With the Secretary of State for Work and Pensions and the brand new pensions minister saying that we can expect to see the long-awaited White Paper on pension reform by the end of the month, I suppose we can be assured that the thing is finally about to hit. I doubt that anything will be quite the same again in the world of pensions.
To put things in context, it is my view that the massive upheavals of A-Day will come to be seen as nothing when compared with the fallout that will come in the wake of any attempt by Government to implement a national pension savings scheme of the type proposed by the Pensions Commission. There is no hope to be had from the various alternatives proposed by trades bodies either – all would result in the same damage to the existing pension markets.
Some would say: “So what?” to that, I know, but to speak up for our current pension system, I would make two points. First, in terms of real and earmarked funds, we are by far and away the most pensioned people in Europe, with more than £1,300bn invested in funded pension arrangements alone. Our problem is that half the workforce has no pension to look forward to, other than means-tested handouts from an ever-tightening public purse. This problem exposes our state pension system for what it is: inadequate.
The second point I would make is that the funded pension savings in our private sector have been established on an entirely voluntary basis. That a purely voluntary system has enabled the private sector to accumulate more pension savings than the rest of the 24 EU countries have between them is simply astonishing.
We have done a good job in this country of building private pension schemes but we have made a pig’s ear of building a decent state pension system to complement them. For this reason, our Government seems to have decided to reform our private pension system. I can’t be the only person who thinks that is astounding, can I?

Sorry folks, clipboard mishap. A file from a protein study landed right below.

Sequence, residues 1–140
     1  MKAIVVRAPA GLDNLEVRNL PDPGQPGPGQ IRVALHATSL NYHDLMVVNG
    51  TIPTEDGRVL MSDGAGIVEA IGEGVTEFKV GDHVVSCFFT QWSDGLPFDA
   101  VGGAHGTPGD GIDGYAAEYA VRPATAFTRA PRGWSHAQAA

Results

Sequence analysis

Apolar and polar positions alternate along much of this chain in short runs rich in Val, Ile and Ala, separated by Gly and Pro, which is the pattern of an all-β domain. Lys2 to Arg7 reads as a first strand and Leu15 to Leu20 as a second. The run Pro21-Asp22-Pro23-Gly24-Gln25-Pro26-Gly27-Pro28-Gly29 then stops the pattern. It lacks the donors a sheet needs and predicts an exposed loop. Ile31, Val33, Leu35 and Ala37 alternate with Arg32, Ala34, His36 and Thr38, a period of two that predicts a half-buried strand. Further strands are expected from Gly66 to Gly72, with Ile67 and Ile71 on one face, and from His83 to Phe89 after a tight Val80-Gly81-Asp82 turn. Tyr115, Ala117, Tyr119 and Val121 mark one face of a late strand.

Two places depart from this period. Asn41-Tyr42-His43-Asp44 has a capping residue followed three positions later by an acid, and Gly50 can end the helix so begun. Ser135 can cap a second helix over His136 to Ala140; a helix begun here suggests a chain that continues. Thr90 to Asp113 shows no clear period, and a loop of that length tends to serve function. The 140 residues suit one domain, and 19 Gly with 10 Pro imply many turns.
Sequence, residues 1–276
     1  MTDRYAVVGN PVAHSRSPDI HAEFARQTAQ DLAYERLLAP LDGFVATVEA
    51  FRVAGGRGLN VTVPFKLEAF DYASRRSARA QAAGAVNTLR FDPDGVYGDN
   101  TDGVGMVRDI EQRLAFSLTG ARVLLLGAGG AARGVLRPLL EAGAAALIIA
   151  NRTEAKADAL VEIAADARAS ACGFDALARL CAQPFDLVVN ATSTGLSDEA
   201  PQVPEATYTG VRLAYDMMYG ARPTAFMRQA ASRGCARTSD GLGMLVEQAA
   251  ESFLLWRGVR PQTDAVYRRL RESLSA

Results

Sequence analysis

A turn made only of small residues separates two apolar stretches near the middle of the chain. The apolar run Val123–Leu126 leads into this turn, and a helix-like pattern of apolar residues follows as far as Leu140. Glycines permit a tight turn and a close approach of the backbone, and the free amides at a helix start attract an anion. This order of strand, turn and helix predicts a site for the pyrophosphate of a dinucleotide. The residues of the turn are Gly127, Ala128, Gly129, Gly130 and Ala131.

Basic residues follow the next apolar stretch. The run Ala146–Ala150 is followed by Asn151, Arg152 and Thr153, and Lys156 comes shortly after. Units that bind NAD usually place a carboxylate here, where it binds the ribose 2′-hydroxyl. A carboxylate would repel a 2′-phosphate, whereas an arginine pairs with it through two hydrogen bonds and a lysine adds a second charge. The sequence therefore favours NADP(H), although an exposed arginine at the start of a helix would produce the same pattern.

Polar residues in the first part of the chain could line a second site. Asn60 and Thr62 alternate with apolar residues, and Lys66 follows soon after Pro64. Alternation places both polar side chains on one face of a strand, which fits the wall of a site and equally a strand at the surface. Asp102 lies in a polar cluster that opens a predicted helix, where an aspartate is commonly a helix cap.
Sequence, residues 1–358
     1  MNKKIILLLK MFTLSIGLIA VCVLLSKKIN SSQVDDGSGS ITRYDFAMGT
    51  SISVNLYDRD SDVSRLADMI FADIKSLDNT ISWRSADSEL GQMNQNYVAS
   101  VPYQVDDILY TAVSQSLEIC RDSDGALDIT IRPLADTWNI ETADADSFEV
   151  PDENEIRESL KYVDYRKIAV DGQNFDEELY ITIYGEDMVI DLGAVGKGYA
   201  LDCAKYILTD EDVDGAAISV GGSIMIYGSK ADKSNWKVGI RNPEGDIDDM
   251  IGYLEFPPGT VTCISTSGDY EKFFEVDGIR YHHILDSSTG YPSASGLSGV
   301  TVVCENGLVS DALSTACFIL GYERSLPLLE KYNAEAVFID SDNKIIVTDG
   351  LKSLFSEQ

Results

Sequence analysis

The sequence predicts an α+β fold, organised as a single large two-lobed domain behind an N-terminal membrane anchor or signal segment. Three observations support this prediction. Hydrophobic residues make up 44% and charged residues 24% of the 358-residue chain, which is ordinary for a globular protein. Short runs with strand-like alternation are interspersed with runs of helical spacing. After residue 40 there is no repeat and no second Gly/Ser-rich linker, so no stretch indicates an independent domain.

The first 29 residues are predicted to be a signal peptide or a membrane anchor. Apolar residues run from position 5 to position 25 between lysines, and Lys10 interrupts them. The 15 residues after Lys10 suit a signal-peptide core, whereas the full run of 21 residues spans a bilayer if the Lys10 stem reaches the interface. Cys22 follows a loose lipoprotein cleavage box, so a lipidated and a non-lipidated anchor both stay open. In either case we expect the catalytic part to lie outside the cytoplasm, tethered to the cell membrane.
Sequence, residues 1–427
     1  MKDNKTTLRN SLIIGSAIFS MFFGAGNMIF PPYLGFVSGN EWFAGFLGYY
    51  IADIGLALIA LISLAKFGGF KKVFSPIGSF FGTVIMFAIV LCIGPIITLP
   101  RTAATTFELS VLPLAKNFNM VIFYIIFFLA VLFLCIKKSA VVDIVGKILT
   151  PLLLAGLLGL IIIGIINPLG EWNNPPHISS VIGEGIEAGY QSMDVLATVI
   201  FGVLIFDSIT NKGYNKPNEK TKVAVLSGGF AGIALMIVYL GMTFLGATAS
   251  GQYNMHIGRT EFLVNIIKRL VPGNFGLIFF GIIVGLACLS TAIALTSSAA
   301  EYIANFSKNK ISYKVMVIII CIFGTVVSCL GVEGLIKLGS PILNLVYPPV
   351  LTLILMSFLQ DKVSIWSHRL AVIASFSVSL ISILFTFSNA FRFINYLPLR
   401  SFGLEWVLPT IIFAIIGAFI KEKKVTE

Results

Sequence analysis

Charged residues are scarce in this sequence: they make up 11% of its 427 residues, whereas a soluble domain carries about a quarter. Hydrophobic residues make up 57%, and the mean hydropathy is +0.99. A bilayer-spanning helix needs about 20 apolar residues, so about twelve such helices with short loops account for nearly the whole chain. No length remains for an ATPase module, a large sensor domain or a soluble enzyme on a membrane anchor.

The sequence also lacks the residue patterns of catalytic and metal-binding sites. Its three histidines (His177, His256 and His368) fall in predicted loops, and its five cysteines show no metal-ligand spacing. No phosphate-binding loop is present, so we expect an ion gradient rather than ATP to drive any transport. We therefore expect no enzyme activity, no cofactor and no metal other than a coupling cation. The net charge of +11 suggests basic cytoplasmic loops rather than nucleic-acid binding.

The “reform” of our private pension system is to be achieved in two parts. The first part was the retrospective rewriting of the pension tax laws that have been built on a gradual and incremental basis since 1956. Those 50 years of linear thinking have been ditched this year with the implementation of the so-called simplified rules that came into force on A-Day. The second part of the reform is about to be unleashed in the form of the proposed NPSS.
Some people seem to take comfort from the fact that any implementation of something like the NPSS will not be until 2010 or 2012, years away – nothing to worry about yet. But I wonder.
In the run-up to the implementation of the last big idea from the Government – stakeholder pensions – the regulator introduced a ruling (RU64) requiring distributors to take account of the provisions of the new schemes when talking about pensions to people before they were even launched.
It seems highly likely to me that similar provisions would apply in the (long) run-up to any implementation of an NPSS arrangement. Those distributing pensions in the workplace and to individuals could find themselves constrained this year by provisions of a national scheme that may not be with us until 2012. That would clearly create difficulties for the private pension system.
It is not some kind of planning blight we are heading for this time though, it will be more like a nuclear winter.
Steve Bee is head of pension strategy at Scottish Life